|This article needs additional citations for verification. (September 2007)|
|Mission duration||16 years|
|Launch mass||5,663 kilograms (12,485 lb)|
|Dry mass||2,517 kilograms (5,549 lb)|
|Start of mission|
|Launch date||23 November 2009, 06:55:00UTC|
|Rocket||Atlas V 431|
|Launch site||Cape Canaveral SLC-41|
|Contractor||United Launch Alliance|
|Bandwidth||72 MHz (8 C-band)
36 MHz (others)
|Coverage area||Americas, Europe, Africa|
Intelsat 14 is a communications satellite owned by Intelsat located at 45° West longitude, serving the Americas, Europe, and African markets. Intelsat 14 replaced Intelsat 1R which was at the end of its design life. It was built by Space Systems Loral, as part of its LS-1300 line.
Intelsat 14 has a C-band and Ku band payload, each of which is further divided to provide service to 2 each coverage areas.
The C-band payload has an Americas beam which covers the southern part of the United States, all of Mexico, Central America, and all of South America. A second C-band beam provides coverage for Western Europe and Africa.
The Ku band payload also has an Americas beam which covers the Alabama, Georgia and Florida, all of the Caribbean, Central America and all of South America except Brazil. The Ku band US/Europe/Africa beam covers the southern eastern United States, Western Europe, and the northern western African countries.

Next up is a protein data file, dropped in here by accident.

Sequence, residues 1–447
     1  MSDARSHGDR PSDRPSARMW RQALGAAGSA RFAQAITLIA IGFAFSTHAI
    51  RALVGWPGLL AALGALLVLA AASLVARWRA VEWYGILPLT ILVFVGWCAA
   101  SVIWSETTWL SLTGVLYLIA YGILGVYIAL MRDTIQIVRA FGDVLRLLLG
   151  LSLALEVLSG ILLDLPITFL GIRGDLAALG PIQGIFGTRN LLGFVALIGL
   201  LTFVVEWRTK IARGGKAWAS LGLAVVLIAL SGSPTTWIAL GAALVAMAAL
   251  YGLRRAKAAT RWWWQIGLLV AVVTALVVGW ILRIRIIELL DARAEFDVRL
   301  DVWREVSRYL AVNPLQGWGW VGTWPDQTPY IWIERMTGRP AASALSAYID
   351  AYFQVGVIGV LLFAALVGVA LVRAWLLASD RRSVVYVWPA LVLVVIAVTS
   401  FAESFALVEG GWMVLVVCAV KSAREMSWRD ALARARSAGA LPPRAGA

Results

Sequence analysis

Intelsat 14 also carries an experimental IP router payload that can be connected to several of the C and Ku band channels. This experimental payload is known as IRIS (Internet Routing in Space) demonstration.
|Payload||C band||Ku Band|
|Bandwidth||32 at 36 MHz
8 at 72 MHz
|22 at 36 MHz|
|Amplifier output||50 watts||120 watts|
|Amplifier Redundancy||2 groups of 16 for 12
2 groups of 10 for 8
|2 groups of 14 for 11|
|Receiver redundancy||4 for 2||4 for 2|
|Coverage||Americas, Europe, Africa||Americas, Europe, Africa|
|3704.0 MHz||11694.0 MHz|
|3705.0 MHz||11695.0 MHz|
Intelsat 14 was launched from Cape Canaveral Air Force Station Space Launch Complex 41 November 23, 2009 on an Atlas V rocket flying in the 431 configuration. The satellite was released into a geosynchronous transfer orbit 1 hour and 58 minutes after lift-off.
- "Net reaches out to final frontier". BBC News. April 13, 2007. Retrieved May 5, 2010.
- Justin Ray. "Atlas Mission Status Center". Spaceflight Now.
- Graham, William. "Intelsat 14 launches on Atlas V AV-024 at second attempt". Retrieved November 22, 2009.